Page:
The advent of big data hasn’t changed the ideas behind most enterprise security practices, but it has made them better. While network security and endpoint security have always relied on the processing of files or traffic against threat databases of to determine whether they’re dangerous, big data lets them gather, store and analyze much more data. The result, in theory, are products that are more intelligent than their predecessors and that make the guys tasked with keeping a company secure that much better at their jobs.
Here are seven big data-inspired approaches to security that have piqued my interest lately. I know I’m leaving out a lot of other approaches and companies, so please fill in the blanks in the comments section.
Software-as-a-Service security startup Risk I/O announced $5.25 million in venture capital funding on Tuesday, based in large part on its ability to simplify security administrators’ lives by telling them which vulnerabilities are best fixed now and which can wait a bit. Co-founder and CEO Ed Bellis first recognized the problem of information overload while serving as CISO at Orbitz, where he told me he was subsumed by the noise of dozens of products spitting out information on untold numbers of vulnerabilities, all in different formats and all without any guidance on what to do next.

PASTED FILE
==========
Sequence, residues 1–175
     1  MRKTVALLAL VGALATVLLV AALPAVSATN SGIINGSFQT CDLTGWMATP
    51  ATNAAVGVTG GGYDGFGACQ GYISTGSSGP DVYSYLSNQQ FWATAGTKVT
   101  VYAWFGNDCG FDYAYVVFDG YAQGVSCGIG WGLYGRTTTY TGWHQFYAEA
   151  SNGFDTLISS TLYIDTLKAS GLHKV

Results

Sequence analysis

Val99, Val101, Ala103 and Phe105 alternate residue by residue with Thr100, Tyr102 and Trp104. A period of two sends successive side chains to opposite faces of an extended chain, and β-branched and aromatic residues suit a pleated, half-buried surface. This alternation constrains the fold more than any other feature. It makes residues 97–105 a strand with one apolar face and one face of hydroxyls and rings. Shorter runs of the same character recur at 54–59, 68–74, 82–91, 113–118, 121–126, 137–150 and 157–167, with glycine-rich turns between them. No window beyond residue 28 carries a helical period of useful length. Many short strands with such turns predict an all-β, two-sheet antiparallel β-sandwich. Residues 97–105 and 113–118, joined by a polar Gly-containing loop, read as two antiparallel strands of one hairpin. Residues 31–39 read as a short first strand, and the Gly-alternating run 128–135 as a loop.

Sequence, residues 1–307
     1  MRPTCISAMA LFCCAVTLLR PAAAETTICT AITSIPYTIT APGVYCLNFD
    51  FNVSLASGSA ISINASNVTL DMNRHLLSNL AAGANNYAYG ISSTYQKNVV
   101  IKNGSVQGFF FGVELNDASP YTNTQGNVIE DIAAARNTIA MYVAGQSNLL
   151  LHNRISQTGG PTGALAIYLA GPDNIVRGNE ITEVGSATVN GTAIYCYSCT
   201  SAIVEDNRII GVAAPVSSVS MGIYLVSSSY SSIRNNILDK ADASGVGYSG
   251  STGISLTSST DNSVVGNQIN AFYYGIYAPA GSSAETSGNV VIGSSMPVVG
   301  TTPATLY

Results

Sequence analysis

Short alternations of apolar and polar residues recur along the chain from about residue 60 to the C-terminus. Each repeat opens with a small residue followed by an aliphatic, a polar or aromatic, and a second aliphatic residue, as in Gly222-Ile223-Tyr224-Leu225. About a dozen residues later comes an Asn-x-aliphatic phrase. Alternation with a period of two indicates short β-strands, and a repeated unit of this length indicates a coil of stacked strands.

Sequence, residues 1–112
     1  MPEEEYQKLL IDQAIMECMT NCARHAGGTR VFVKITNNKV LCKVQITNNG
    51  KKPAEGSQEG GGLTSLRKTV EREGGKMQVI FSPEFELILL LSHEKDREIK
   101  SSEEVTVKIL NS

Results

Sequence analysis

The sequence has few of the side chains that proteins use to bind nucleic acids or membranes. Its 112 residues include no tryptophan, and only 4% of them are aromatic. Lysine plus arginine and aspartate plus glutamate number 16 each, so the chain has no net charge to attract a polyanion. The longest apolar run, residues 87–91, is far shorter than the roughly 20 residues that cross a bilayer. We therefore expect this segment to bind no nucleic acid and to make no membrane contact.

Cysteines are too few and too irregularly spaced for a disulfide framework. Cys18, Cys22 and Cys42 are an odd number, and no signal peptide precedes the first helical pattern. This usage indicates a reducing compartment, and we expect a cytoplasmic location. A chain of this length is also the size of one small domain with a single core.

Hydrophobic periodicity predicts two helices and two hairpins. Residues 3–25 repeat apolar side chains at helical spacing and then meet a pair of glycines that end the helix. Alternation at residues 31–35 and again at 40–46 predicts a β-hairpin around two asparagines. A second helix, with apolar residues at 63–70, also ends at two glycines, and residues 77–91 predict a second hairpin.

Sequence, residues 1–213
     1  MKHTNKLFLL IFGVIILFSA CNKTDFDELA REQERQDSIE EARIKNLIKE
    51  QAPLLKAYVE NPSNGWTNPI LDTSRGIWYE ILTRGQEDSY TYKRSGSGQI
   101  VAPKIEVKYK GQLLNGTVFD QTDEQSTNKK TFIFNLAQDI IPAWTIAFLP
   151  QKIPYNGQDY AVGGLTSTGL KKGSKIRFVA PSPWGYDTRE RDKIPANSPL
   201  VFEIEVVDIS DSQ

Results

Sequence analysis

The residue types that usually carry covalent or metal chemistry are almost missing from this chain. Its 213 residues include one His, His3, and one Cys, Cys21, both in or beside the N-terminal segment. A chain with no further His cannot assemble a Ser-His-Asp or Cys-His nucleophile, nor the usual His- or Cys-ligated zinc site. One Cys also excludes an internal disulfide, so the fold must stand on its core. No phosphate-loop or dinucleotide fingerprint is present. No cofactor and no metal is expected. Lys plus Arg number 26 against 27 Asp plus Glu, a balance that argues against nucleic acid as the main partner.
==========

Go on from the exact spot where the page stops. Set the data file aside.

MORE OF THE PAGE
And the problem is only getting worse as companies grow and inevitably roll out or acquire new security products along the way. “Nothing ever dies,” Bellis said, “it’s just one more thing you end up having to support.”
Risk IO tackles this complexity by taking in the data from all of a company’s security applications and analyzing the context around the threats they’ve discovered. (And because it’s a SaaS offering, Bellis said Risk IO can easily include crowdsource threat analysis to include intelligence gleaned from its 400-plus enterprise customers.) Once the data is analyzed, Risk I/O tells users which vulnerabilities they need to tackle immediately, basing its recommendations on many criteria, including how exposed a vulnerability is, whether there’s an exploit published somewhere online and how often other companies are getting burned by it.